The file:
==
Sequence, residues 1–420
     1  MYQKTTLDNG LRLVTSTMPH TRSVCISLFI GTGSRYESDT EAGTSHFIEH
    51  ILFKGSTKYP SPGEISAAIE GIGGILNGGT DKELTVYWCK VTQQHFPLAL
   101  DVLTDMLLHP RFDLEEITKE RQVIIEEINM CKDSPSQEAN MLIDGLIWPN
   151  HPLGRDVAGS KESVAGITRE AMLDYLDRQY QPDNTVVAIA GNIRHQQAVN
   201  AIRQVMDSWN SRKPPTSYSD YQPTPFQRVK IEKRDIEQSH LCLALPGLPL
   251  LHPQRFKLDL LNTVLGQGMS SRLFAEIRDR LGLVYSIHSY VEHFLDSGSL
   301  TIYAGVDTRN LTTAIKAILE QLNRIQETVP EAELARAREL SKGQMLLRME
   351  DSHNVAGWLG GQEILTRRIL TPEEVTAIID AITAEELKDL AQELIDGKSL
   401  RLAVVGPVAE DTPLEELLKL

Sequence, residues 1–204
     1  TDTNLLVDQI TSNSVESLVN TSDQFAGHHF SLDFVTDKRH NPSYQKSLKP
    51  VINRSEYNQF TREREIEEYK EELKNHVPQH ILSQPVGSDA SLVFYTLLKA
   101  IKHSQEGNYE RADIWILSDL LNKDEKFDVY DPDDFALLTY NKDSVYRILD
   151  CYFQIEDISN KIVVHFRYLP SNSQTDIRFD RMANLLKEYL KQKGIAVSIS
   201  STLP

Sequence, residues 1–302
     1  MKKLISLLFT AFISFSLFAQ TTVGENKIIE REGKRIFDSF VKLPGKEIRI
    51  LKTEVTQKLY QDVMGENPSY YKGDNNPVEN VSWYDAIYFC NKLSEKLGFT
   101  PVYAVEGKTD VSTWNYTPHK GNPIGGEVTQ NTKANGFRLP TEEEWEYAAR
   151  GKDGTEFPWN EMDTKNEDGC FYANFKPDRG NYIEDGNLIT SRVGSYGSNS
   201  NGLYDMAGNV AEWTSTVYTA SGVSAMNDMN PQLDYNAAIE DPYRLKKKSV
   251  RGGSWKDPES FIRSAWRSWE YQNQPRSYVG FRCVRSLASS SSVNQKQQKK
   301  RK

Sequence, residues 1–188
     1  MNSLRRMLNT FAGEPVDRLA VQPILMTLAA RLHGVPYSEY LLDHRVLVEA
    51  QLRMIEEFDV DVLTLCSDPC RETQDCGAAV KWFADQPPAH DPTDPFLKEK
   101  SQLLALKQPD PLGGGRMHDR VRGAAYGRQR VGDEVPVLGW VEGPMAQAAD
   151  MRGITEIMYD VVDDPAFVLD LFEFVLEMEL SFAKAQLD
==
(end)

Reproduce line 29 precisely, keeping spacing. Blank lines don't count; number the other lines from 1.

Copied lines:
   151  MRGITEIMYD VVDDPAFVLD LFEFVLEMEL SFAKAQLD